After a thrilling run to the Stanley Cup Final, the Dallas Stars settled into a relatively quiet offseason. In fact, it was a little too quiet for some fans, who fretted over the lack of obvious Big Moves.
So what should we read into what the Stars did decide to do? The Athletic’s Saad Yousuf has read the offseason map and found a team that plans to go back and win next time:
The biggest sign is the return of Anton Khudobin. The Stars have a lot of confidence in where top goalie prospect Jake Oettinger currently is and where he’s trending. Handing him the natural No. 2 goaltender role behind Ben Bishop wouldn’t have meant throwing in the towel and may have expedited his own development. However, after the playoff run Khudobin just put together and how close the team came to the ultimate goal with him in net, the urgency to keep the pedal to the metal is greater. The Khudobin signing is team-friendly and has other positive effects, such as weathering a lengthy rehab for Bishop and a having goalie option to expose to Seattle in the expansion draft. But first and foremost, the signing is about hoisting the Stanley Cup in 2021.
The same goes for officially naming Rick Bowness the head coach, especially under terms of two years. Bowness was the interim coach for most of last season and was an assistant in Dallas during the prior campaign. He has good rapport with the players on the team right now and is beloved in the locker room. While many on the outside would have liked to see the Stars perhaps hire a younger coach to bring a more modern, aesthetically pleasing game to the ice, Bowness’ fit outweighs any strategic upgrades that could come with elsewhere. After all, coaching regime transitions take time. The Stars’ time is now.
Yousuf also reminds us that the Stars’ current roster picture has been years in the making. Will 2021 be the year it all comes into focus?
A championship window is an indication of the main figures involved in the pursuit of a title. It doesn’t necessarily mean there’s doom on the other side. In fact, the Stars are decently positioned with proven young talents in [Miro] Heiskanen, [Denis] Gurianov and [Roope] Hintz as well as young hopefuls like Thomas Harley, Jason Robertson and Oettinger to be contenders beyond the next few years.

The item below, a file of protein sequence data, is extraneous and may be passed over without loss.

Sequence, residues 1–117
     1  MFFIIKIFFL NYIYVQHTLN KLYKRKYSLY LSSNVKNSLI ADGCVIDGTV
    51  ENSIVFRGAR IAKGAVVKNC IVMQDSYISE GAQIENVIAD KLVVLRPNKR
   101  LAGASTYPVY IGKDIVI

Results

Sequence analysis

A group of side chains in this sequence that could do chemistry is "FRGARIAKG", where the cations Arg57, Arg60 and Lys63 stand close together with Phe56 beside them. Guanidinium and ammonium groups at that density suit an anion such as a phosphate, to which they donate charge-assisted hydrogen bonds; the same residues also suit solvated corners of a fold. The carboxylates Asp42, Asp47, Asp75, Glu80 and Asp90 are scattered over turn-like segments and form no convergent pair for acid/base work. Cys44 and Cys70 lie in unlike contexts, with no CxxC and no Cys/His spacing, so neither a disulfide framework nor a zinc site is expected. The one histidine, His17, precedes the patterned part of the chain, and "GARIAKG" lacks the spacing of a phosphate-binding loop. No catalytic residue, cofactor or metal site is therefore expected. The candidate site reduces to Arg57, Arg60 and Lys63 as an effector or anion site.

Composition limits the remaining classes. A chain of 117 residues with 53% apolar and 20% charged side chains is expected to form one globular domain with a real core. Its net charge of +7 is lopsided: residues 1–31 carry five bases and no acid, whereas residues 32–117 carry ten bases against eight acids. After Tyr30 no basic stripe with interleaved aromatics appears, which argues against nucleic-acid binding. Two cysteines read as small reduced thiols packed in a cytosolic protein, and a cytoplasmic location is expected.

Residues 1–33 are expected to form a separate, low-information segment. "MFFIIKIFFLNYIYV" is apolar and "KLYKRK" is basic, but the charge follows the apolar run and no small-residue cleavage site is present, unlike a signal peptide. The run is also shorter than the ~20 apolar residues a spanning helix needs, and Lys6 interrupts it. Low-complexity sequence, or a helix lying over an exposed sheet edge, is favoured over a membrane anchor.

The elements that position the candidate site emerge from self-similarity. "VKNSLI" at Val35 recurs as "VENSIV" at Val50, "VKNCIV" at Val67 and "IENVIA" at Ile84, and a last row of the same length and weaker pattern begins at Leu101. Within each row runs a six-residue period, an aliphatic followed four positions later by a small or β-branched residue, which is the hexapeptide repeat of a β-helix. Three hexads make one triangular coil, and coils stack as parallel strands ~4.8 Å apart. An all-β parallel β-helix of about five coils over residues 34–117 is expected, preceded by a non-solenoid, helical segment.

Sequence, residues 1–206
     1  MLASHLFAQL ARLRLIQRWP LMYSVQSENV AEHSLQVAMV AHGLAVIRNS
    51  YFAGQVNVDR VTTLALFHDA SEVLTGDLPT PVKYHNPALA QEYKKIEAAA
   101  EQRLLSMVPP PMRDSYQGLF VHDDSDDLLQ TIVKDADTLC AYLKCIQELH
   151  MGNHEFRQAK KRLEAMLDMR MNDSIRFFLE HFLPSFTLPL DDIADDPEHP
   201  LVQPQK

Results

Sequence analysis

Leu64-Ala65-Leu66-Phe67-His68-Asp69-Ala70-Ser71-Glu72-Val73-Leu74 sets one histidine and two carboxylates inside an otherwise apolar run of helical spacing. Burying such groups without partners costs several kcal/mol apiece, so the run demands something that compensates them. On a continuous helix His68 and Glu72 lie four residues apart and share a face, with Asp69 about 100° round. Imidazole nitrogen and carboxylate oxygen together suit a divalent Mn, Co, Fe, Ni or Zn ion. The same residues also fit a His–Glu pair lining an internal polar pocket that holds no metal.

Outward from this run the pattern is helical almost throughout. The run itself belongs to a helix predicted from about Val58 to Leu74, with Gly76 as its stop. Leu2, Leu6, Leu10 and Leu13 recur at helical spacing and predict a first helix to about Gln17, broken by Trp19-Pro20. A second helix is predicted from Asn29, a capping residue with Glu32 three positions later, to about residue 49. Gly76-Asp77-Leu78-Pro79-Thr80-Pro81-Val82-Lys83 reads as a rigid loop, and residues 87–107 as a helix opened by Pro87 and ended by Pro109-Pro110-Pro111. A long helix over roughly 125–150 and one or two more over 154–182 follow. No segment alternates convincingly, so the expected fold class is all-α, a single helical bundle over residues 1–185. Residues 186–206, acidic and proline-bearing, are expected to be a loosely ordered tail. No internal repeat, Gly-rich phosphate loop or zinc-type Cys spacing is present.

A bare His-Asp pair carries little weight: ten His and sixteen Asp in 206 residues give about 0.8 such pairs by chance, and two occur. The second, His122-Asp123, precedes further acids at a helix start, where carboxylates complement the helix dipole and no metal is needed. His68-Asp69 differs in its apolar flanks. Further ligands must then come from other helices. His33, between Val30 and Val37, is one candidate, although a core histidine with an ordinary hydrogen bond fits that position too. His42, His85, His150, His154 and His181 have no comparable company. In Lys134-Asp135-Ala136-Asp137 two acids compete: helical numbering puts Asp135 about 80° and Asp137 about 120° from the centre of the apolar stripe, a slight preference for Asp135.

But the Stars have been building toward this since 2015, when [Jamie] Benn won the Art Ross, [Tyler] Seguin had been in Dallas for a while and core pieces such as [Radek] Faksa, [John] Klingberg and Esa Lindell were announcing their arrivals. There were experiences gained; a second-round playoff run in 2016, a should-be playoff team missing the postseason in 2018, going two rounds deep in 2019 and then coming up two wins short of a Stanley Cup title in 2020.
There’s more behind the paywall. [The Athletic DFW]
NHL.com has posted its in-depth review of the Dallas Stars and is promoting it with this photo of Miro Heiskanen, and this weirdly perfunctory tweet.
Meanwhile, at Victory Plaza, Black Friday is still going to be a thing. Mask up before you go.
Get up to 70% OFF this Friday at the AAC! Great deals to grab your favorite Stars fan an item for the holidays!— Stars Hangar (@StarsHangar) November 23, 2020
Free Parking in the Lexus Garage
Entry at the Northside Doors
Our Frisco location will be closed that day, so come see us downtown! #GoStars pic.twitter.com/ujqjmy6Yct
Around The Leagues
The Chicago Blackhawks have secured the coaching services of Team USA great Kendall Coyne Schofield, as they announce a batch of hires that include former Star Erik Condra.
Meanwhile, the NHL is running into trouble in trying to meet its own deadline for the start of the 2021 season.
The league and players are running out of time to start the season Jan. 1 as previously planned as pandemic-related problems persist https://t.co/Y5w16j9ShC— Hockey Night in Canada (@hockeynight) November 25, 2020
From Theo Fleury to Patrik Elias, these players fought back against cancer, Crohn’s disease, and other health dangers to carve out their places in hockey history.
Sad news: Fred Sasakamoose, an Ahathkakoop Cree who became one of the NHL’s first indigenous players, has died at age 86 from complications related to COVID-19.
Fred Sasakamoose, one of the first indigenous players in the NHL, died Tuesday at the age of 86. He had been hospitalized with COVID-19. https://t.co/Coi5shazc1— NHL.com (@NHLdotcom) November 24, 2020
A look back, and a look forward. Enjoy.